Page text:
Before heading to last evening's rainy celebration of the Berlin Wall's collapse at the city's historical Brandenburg Gate--which featured a symbolic toppling of 1000 painted, wall-like dominoes, statements by various political dignitaries (Merkel, Clinton, Brown, Gorbachev, Sarkozy, Medvedev, etc), and performances by Placido Domingo and Jon Bon Jovi--I spent the day at a conference called Falling Walls, which was organized by the Einstein Foundation.
Taking place in a renovated water pumping station in the middle of the former so-called death strip, the no-mans land that abutted the Berlin Wall, a variety of top researchers from the sciences and humanities described the "walls" which were falling or which needed to fall in their area of research. The organizers had also managed to book German Chancellor Angela Merkel, who is a scientist-turned-politician from the former GDR (more below). Although no late-breaking new discoveries were announced, the conference provided a fascinating overview of research in a real potpourri of great topics: vaccines for neglected diseases like malaria and TB, three-dimensional televisions, how to make concrete less polluting, and how researchers are cracking the secrets of ancient civilizations , the origin of Homo sapiens. We also heard from Rolf-Dieter Heuer, the director general of CERN, about the Large Hadron Collider (which will hopefully start pumping out data one of these days) and from Norbert Holtkamp, who heads Iter, the fusion energy transnational research organization that originated during a 1985 conversation between Gorbachev and Reagan.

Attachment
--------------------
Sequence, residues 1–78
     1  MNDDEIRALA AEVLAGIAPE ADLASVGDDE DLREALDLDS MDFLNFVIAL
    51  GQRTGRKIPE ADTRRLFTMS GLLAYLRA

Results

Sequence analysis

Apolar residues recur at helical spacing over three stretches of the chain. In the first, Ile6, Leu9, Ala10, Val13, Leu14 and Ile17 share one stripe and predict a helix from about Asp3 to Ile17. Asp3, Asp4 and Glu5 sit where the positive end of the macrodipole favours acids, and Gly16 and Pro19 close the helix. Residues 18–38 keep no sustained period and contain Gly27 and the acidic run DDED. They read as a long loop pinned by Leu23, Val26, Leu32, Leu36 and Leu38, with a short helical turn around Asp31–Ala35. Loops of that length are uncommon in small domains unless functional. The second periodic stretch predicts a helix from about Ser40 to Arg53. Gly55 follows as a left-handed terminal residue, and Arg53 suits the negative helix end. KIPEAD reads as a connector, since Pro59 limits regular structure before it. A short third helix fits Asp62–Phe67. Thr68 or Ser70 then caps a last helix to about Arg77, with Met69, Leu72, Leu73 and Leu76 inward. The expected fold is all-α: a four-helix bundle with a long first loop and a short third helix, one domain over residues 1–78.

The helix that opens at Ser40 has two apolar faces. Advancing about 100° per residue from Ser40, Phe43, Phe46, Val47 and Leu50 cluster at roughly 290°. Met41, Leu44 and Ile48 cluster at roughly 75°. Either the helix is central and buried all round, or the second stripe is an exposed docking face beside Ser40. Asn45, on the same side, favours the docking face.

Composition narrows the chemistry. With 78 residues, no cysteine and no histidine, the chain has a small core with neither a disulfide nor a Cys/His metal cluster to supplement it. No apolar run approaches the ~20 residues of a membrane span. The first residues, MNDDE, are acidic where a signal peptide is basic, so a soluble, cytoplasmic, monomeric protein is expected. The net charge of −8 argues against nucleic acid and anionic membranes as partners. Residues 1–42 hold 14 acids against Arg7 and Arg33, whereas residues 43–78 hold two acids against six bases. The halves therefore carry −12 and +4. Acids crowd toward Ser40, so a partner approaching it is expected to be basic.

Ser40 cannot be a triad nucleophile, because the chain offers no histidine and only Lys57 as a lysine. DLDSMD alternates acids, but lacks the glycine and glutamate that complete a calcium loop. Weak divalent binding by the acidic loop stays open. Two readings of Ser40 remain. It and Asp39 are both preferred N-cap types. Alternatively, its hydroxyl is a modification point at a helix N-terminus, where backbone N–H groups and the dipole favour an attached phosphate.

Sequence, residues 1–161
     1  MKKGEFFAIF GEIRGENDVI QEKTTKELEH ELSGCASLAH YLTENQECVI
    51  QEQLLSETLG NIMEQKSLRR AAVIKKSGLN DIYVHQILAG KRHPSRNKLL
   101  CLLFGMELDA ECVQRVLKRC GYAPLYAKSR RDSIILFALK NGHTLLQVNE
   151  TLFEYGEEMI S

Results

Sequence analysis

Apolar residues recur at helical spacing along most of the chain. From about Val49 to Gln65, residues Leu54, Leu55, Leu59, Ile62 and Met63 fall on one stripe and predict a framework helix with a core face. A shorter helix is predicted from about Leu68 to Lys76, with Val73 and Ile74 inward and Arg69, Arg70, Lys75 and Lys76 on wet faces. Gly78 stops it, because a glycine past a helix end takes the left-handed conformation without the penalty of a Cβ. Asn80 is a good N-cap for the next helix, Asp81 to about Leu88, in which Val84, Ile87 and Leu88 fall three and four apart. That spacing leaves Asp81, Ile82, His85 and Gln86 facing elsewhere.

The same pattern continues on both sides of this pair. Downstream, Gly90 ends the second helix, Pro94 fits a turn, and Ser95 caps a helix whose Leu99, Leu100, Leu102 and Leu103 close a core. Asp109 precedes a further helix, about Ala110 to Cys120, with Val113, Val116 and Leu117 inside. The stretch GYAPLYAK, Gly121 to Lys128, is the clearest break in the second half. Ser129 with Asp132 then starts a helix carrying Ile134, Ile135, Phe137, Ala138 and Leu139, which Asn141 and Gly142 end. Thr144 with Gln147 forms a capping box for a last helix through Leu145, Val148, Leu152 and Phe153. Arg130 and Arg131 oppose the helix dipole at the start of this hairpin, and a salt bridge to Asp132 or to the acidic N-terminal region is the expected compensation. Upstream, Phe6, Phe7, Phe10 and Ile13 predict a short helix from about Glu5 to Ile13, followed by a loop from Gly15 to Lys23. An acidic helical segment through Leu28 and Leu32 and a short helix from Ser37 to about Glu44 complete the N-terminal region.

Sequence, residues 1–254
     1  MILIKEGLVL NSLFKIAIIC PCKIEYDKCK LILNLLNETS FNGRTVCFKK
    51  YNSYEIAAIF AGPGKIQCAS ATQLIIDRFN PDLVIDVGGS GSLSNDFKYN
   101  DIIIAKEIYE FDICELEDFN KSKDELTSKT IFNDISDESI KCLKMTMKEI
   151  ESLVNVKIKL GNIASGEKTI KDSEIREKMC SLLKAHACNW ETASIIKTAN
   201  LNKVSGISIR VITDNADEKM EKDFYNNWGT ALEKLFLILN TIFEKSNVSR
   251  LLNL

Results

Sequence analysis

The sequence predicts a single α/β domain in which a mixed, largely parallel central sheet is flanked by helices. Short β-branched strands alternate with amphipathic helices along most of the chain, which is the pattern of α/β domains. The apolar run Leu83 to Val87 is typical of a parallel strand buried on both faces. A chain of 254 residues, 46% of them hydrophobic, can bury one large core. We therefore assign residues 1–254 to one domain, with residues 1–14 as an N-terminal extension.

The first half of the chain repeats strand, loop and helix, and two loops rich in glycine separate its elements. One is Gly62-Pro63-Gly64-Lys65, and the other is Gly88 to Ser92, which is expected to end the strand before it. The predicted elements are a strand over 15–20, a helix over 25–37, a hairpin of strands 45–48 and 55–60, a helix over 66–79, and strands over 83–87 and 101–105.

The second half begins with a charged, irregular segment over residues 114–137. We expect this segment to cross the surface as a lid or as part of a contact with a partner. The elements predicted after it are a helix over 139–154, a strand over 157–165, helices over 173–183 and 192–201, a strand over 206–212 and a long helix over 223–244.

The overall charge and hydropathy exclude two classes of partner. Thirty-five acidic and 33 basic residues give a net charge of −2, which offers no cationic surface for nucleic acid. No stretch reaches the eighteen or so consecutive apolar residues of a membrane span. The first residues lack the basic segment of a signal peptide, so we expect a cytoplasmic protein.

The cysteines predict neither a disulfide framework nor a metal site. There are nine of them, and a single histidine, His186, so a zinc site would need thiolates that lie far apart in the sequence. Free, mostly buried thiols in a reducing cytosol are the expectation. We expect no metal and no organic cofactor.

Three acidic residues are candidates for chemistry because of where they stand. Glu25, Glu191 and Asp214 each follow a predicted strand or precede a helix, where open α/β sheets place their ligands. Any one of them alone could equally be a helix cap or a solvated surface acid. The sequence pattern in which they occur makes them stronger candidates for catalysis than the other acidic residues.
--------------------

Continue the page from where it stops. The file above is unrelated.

But the conference's special guest was Angela Merkel, the German Chancellor, who knows a lot about falling walls. She's Germany's first female head of state, and also the first from the former Communist GDR, where she had worked at a physical chemistry research institute before the Berlin Wall came down. She said that the collapse of the Berlin Wall, "changed my life completely but it did not put a damper on my love of science."
Merkel talked about the chasm many GDR scientists used to feel between their daily work--which required an open, inquisitive and challenging mind--and their daily lives--in which an unquestioning loyalty to the Communist Party was expected. But "you can't tell people to start thinking in the morning and then to stop [after work]," she said.
Scientists could also "be a role model for politicians," Merkel said. She explained that every day scientists aim for the seemingly impossible--and sometimes achieve it with breakthrough discoveries. This in itself should serve as inspiration for those faced by enormous challenges such as peace in the Middle East, or the fall of the Berlin Wall, that the impossible can sometimes be made possible, she added.
Then Merkel was whisked off by her handlers to walk across Berlin's Bornholmer bridge, where she had joined the crowds 20 years ago that pushed border guards to allow passage to West Berlin, part of the sequence of events that led to the Berlin Wall's collapse (Check out the footage I posted here). The rest of us learned about other new walls that need to come down...